It is said to be a matter of when, not a case of if.
When will a cybersecurity threat manifest?
If that confounds you, here are more facts. 45 per cent of IT and security professionals are aware of the existence of the Data Protection Act but have not read it extensively.
30 per cent know just a little bit.
According to the correspondents of the survey, being familiar with the Data Protection Act (2019) means “to be aware of its existence.”
Marry a case of when, data protection and privacy laws and you get very antsy security analysts. Add cybercrime and you have a trifecta.
Cybercrime is ever-evolving. It commonly comes in the form of ransomware, malware, phishing, social engineering, Distributed Denial of Service (DDoS) and Denial of Serice (DoS).
But now with the rapid adoption of Cloud computing technology, newer threats – says the 2019/2020 Serianu Africa Cybersecurity Report, Kenya, Local Perspective on Data Protection and Privacy Laws: Insights from African SMEs – such as Cloud Vulnerability, Machine Learning poisoning, Artificial Intelligence (AI) enhanced threats to Smart Contract hacking etc., are on the rise. Crime has long outpaced security.
To win this war – or rather, perhaps, to manage the casualties of war, organisations need to stay a step ahead of cybercrimes. This, the report says, is doable with a “structured security strategy that is championed from the top management and cascaded down to every level.” The problem is, you are only as successful as your weakest link. And we all know who that is – yes, the end-user.
Launched today, the Africa Cybersecurity Report, Kenya dedicates two entire chapters to data protection law. It reveals that the dominant theme of 2019 was data protection and privacy with ransomware attacks growing by 118 per cent globally, increase ATM attacks, coordinated attacks in East Africa and data protection. While 2020 was about business continuity thanks to COVID-19. 2020 was also marked by unsecured remote connections and gradually, the embrace of remote working.
Our Data Protection Act (2019) is highly praised for being compliant with the European Union’s General Data Protection Regulations (GDPR). In it are bold threads weaving in the right to privacy, which is essential when you look at some of the statistics in the report.
Currently, over “70 per cent of respondents process PII (personally identifiable information) within their organisation” while “over 60 per cent process PII through third party systems both within and outside of the country.”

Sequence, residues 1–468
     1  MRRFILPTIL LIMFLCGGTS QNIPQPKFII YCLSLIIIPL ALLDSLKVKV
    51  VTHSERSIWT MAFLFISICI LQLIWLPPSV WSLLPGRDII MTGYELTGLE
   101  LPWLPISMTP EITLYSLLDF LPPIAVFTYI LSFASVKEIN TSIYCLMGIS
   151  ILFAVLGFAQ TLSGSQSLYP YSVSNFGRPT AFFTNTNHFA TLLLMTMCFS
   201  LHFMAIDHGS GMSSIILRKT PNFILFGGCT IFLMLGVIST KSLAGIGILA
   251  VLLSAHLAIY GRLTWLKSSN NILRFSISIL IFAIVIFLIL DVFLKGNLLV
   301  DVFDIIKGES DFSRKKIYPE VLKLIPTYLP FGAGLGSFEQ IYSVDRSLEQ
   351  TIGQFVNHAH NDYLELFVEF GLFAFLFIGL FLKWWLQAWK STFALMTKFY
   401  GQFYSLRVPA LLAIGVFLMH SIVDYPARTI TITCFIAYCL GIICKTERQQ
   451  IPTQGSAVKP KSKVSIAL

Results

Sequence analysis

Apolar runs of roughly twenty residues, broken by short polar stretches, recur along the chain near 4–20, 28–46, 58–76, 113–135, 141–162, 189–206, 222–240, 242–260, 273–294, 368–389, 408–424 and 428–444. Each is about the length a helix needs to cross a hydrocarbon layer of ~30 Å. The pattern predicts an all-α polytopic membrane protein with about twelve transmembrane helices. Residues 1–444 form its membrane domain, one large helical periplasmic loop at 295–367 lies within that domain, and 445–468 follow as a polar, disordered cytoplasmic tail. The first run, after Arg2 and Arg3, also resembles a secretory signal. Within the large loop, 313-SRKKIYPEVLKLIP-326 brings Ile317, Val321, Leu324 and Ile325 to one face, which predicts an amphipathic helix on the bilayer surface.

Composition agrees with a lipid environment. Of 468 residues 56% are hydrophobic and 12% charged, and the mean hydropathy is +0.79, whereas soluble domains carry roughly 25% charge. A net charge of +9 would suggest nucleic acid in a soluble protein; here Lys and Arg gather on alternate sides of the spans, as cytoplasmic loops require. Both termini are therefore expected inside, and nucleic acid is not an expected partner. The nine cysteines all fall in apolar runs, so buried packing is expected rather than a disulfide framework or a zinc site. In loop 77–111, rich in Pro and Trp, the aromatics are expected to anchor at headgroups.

76 per cent of respondents do not have cyber insurance which means they take a big financial hit. For the 76, Britam, AIG, Minet and Dawit Insurance Agency Limited are listed as companies offering cyber insurance in Africa because companies underestimate the likelihood of cyberattacks.
Businesses now have to comply with data protection laws, which, with the solidity of GDPR means data protection laws are edging towards being universal law. UNCTAD (United Nations Conference on Trade and Development) says 27 African countries have enacted Data Protection And Privacy Legislation with nine others in the process. This places Africa ahead of the Americas. The European region leads with 96 per cent compliance.
So long as you are in the kind of business that handles data, or are in direct contact with another’s data, the law applies to you. Which is why data needs consent from its owner as to how it gets handled.
That means disclosing the purpose of said information and how it shall be used right down to how long this information can be stored. And if you collect data for let’s say toothpaste, you can’t turn around and decide to use it for chicken feed. Should your data be compromised, then you, as well as the data commission, need to be informed ASAP. You also have a right to destroy, collect or delete your information.
What qualifies as PII? This does.
It is why IT security teams are expected to fiercely protect your data, and this works best if they are cohesive, dedicated and centralised. Why is data so critical?
Data, so The Economist declared in 2017, is the new oil.
Data also seemingly lends itself to cliches in this article…
Data is described as the fuel of the digital economy. Herein comes academia, a sector which needs to collaborate with the industry so that learning institutions can bestow upon students the required skills when it comes to data protection and privacy.
Small wonder Data Scientist was listed as ‘the sexiest job of the 21st century.’ Data protection and privacy are so critical, the report states that organisations are on the hunt for data protection officers (DPO). Adding that organisations need a “cross-functional data privacy leadership team with C-Suite board representation.” It also concedes that this is a new field. That in spite of its newness, it cannot be treated lightly.